According to the Russian news service RBC, on Thursday, November 7, the Russian State Duma approved in the first reading the legislation that would forbid Russian servicemen from publishing information about themselves and their comrades-in-arms on the internet and in the media
“This bill aims at providing security for servicemen and their protection from intelligence services of other countries,” said members of the Duma.
This bill is yet another attempt by the Russian government to limit leaks of unwanted information about the military invasions and the special operations that Russia conducts abroad.
Apparently, volunteer investigators from different countries had a significant influence on the adoption of these restrictive measures. Over the four years of its activity, the InformNapalm volunteer intelligence community prepared and published over 1700 OSINT investigations that were translated into more than 10 languages. These investigations included evidence of military invasions that was sensitive to Russia.
The interactive database Russian Aggression contains links to investigations by InformNapalm that cover regular Russian servicemen from over 90 military units of different military and law enforcement forces. These servicemen were spotted in Ukraine (the Donbas and Crimea), Georgia and Syria.
The publication of personal information of at first 58, and then a total of 116 pilots of the Russian Aerospace Forces in 13 languages, including Arabic, caused total panic in Russian media and diplomatic missions. All of that information came from open sources in mass and social media, however, the Russian side considered it a serious blow.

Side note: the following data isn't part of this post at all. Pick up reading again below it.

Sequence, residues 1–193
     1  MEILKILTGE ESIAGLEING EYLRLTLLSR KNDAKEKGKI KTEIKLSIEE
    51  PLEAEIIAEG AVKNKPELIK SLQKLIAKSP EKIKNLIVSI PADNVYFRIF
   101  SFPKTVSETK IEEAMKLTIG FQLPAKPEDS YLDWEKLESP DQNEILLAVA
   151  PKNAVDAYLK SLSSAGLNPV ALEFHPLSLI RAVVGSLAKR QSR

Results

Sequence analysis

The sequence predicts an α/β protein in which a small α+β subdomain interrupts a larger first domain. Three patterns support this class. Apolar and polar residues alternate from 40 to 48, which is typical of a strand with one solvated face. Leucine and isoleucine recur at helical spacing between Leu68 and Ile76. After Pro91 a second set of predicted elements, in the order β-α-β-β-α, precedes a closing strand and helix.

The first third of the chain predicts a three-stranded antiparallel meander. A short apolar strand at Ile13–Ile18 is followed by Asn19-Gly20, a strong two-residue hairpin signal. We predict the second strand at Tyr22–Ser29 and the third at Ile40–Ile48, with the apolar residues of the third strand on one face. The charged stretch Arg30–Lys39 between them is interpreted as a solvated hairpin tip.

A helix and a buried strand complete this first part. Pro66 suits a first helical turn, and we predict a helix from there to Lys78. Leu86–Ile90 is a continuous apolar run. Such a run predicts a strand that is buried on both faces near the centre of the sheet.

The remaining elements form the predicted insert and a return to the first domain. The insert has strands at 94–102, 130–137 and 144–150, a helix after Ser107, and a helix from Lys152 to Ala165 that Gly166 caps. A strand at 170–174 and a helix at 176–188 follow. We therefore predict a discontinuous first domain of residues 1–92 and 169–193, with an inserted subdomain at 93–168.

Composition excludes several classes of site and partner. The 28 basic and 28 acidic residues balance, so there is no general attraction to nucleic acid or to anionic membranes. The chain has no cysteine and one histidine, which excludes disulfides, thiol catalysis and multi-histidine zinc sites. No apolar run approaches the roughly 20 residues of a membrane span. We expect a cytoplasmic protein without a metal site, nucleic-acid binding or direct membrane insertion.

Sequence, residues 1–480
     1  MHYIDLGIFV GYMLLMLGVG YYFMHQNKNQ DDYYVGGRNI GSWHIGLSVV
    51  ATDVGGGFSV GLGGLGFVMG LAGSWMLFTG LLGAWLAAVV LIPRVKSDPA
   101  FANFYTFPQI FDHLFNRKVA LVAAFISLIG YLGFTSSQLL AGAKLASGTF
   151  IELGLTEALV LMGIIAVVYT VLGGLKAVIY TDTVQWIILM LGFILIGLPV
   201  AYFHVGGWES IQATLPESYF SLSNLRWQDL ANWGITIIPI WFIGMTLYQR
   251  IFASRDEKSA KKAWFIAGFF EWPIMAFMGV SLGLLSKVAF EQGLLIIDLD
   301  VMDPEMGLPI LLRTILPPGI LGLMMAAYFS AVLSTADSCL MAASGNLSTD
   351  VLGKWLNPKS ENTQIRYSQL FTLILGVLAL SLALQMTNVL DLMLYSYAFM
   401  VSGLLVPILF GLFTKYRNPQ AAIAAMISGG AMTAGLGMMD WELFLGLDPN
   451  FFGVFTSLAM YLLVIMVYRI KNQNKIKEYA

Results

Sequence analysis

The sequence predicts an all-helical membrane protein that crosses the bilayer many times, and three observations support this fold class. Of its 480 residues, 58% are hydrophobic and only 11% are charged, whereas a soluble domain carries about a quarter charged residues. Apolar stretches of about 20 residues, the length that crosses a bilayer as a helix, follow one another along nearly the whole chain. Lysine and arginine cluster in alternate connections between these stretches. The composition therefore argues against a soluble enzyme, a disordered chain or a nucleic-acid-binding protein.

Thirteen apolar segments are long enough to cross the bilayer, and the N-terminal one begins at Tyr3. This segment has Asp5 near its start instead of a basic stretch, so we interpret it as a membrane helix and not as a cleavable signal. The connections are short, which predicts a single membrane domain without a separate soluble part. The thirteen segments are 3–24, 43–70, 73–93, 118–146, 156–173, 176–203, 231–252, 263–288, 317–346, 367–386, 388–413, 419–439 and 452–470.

In November of 2018 InformNapalm plans to publish new data provided by the Ukrainian Cyber Alliance. It will include correspondence and audio conversations of one of the pilots of the Russian Aerospace Forces in Syria.
Russian servicemen have left so many footprints on the internet, providing multiple proofs of their covert invasion, that no legislation or military orders will be able to completely stop the information leaks. In the age of digital technology, there are no threats or bans that could prevent Russian servicemen from making selfies in front of new and unique landscapes like spoil tips of the Donbas mines or the sands of Syria. Moreover, the risk of job loss for publishing personal information in mass or social media could become an additional advantage and provide opportunities for sabotage.
Russian soldier, if you do not want to follow the illegal order and fight against the neighboring country, take a selfie at the border and publish it on the internet. Maybe this selfie will save your life.
The material was prepared by Roman Burko specifically for the InformNapalm site. Translated by Maksym Sviezhentsev, edited by Max Alginin .When using the information, an active link to the source is required.
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